A teacher should keep a mirror for the self-development of the children
In the development of children, the ideal role of teachers should be that of promoters and motivators of the right values and qualities.
By: Priyanka Saurabh
There is a gradual development of knowledge, ideas, and values in the life of man right from birth, which makes him a human being by separating him from other animals. After family, teachers play the biggest role in this development. However, in Indian society, teachers are held in very high esteem, since ancient times they have been a major source of morality and importance of education in the society. The teachers used their knowledge to act as a philosopher-guide-friend to the entire society, many of them working against social evils. Even in the contemporary world, apart from academic genius, they stand for ethics, and in our highly rural and illiterate society, people look up to teachers as the future builders of their children. In the development of children, the ideal role of teachers should be that of promoters and motivators of the right values and qualities. Thus, instead of spoon-feeding knowledge directly to students, they should strive to develop a sense of inquiry, and rationality in children, so that they feel empowered to learn on their own, with passion. Also, teachers should try to inculcate good moral values like truthfulness, honesty, discipline, humility, religious tolerance, gender equality, etc. in children so that the foundation of good human beings can be laid.
In the contemporary world facing a deep value crisis, our teachers have a huge role to play if we are to grow and prosper. The value of the teacher is clearly defined by the beautiful shlokas of ancient India – Guru Brahma, Guru Vishnu, Guru Devo Maheshwara, Guru Sakshat Param Brahma, Tasmai Sri Guruve Namah. Which means “Guru is the creator (Brahma), Guru is the protector (Vishnu), Gurudev is the destroyer (Maheshwar). Guru himself is the perfect (singular) God, salutations to that Sri Guru” The teacher is not the one who teaches only for money, The passion for teaching goes a long way. It is the bitter truth of our society that some teachers don’t have the passion and knowledge to teach, there are many examples like what is happening in the schools of Bihar, if the teacher lacks the quality of teaching then what should we do to the students? As one can expect, the education system needs a change, the NCERT pattern is out of date and has not been revised since 2015. There should be literate teachers but there should also be educated teachers.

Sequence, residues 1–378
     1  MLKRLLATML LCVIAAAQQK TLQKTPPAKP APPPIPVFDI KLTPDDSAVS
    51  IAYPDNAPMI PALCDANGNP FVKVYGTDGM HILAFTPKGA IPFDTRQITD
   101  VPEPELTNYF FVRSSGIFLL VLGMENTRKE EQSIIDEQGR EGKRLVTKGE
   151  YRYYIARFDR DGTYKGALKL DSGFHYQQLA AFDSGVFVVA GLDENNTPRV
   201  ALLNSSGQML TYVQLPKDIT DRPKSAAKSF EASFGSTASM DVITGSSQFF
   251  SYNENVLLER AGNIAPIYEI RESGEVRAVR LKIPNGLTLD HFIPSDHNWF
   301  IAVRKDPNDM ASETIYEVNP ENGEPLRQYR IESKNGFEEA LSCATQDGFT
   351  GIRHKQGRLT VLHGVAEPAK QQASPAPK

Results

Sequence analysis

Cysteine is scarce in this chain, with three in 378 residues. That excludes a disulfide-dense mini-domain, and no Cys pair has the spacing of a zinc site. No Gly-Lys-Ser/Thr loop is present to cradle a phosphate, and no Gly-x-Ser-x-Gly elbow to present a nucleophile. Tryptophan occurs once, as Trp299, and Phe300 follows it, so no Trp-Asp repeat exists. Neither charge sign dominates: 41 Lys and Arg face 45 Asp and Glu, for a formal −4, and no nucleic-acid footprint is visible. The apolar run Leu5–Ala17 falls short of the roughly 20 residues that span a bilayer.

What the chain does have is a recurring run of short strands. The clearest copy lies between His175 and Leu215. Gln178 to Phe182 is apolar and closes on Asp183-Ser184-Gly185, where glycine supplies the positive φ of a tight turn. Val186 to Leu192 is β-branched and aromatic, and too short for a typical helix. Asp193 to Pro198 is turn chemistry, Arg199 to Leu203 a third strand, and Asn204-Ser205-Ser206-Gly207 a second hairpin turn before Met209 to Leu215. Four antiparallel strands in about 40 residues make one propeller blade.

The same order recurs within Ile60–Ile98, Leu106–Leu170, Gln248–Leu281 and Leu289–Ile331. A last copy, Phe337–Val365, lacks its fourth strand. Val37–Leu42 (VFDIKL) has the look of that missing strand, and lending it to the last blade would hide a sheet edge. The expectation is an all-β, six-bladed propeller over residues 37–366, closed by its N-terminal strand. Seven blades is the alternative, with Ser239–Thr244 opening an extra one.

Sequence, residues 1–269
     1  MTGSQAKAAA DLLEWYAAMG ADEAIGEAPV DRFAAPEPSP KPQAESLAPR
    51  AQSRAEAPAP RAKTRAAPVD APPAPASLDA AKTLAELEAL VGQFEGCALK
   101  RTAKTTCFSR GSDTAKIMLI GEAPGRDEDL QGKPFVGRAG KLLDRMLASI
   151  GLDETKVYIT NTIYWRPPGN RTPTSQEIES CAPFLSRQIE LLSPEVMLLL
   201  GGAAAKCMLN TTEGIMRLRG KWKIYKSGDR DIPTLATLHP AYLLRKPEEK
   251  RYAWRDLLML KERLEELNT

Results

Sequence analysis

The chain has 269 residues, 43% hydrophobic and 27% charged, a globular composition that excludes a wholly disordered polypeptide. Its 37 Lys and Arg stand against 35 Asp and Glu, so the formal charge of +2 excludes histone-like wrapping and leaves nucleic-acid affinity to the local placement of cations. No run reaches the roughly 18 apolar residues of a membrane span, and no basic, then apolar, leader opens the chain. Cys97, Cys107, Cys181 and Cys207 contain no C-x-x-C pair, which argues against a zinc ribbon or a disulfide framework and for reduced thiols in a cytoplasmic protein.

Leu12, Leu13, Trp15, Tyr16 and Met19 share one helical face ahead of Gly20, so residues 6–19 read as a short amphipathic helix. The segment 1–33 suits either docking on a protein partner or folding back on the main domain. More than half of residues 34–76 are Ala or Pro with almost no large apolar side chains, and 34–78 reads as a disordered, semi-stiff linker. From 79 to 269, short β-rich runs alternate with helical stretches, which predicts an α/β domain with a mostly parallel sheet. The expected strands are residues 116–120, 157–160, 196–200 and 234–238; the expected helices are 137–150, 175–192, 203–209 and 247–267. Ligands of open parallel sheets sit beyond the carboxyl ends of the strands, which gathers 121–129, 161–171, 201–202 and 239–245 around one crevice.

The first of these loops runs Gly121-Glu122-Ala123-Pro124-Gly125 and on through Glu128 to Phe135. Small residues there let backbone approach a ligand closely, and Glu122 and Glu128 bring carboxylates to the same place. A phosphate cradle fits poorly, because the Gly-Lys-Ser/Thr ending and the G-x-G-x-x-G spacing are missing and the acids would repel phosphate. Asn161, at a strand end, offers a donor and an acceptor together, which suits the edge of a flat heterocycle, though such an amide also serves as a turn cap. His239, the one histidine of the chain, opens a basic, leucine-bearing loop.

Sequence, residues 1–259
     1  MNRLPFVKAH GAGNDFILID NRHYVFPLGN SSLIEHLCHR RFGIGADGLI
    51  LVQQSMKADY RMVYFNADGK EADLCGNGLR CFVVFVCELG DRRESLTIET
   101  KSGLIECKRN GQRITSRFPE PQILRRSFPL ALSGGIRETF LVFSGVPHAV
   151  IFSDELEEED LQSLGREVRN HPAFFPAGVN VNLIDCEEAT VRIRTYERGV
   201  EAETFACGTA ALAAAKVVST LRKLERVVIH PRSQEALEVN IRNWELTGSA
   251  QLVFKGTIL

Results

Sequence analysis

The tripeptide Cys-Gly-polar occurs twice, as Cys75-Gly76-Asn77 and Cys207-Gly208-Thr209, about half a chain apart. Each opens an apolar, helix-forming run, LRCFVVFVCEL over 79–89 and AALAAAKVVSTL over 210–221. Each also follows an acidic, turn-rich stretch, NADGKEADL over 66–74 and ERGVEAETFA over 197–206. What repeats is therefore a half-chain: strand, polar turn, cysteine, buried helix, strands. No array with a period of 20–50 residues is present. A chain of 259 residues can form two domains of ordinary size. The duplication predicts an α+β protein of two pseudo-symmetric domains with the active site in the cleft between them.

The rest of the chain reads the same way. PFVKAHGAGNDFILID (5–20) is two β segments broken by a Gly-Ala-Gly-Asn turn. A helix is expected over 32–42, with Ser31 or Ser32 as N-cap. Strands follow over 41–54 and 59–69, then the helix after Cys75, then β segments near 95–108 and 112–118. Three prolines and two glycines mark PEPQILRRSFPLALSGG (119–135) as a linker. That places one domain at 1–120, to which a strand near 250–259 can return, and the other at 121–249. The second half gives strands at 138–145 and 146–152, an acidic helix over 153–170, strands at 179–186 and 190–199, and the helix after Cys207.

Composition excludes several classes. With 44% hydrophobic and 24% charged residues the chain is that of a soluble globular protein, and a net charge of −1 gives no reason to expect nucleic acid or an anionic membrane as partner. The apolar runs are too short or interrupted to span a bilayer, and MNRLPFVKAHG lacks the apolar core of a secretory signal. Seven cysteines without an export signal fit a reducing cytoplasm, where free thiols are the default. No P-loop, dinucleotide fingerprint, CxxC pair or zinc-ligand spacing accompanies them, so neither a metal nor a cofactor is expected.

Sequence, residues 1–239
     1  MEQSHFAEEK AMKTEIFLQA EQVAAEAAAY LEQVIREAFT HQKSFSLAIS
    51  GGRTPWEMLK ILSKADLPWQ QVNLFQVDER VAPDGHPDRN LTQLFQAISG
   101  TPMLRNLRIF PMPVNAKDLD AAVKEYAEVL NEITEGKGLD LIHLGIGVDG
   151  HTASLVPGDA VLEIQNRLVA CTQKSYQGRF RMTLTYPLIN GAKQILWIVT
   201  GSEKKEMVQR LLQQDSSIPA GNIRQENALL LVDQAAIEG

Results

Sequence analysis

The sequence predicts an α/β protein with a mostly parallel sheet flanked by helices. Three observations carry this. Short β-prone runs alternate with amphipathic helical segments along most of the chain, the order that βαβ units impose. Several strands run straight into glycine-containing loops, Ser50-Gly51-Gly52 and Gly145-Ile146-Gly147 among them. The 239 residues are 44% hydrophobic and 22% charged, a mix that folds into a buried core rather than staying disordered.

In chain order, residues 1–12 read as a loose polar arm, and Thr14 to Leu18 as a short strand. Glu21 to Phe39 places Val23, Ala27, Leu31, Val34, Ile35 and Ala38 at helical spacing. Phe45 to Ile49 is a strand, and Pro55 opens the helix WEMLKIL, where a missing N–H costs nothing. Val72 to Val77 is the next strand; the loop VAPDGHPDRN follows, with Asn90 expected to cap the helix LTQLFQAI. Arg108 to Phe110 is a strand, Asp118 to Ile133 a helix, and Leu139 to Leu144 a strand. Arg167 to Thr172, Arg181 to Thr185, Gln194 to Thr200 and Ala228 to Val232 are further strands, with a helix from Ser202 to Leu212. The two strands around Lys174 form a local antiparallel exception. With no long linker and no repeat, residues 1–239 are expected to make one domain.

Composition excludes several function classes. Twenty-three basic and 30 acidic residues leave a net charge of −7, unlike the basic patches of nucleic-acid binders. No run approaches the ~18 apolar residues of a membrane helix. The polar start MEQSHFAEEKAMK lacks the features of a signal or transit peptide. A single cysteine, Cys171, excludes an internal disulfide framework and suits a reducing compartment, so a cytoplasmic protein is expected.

The first teacher of any child is the mother, through whom the child learns the fundamentals which have a fundamental impact on his personality. A teacher has the power to bring revolution to his students by nurturing knowledge. So the teacher plays the most important role in the life of the students, he guides the students right by motivating and also understands their needs and problems of the students and solves them by providing the best solutions. The friendly nature of the teacher is commendable. Thus a teacher has all those qualities by which he can change the fate of any student by providing and motivating him with the best. In Indian society, the place of the Guru was held in a high position. In the scriptures, the Guru is often equated with God. Even the socio-religious reformers commented on the quintessence of the gurus in their lives. A guru is seen not only as a guide, teacher, friend, and truth seeker but also as a person who enables one to realize one’s potential and place in the universe.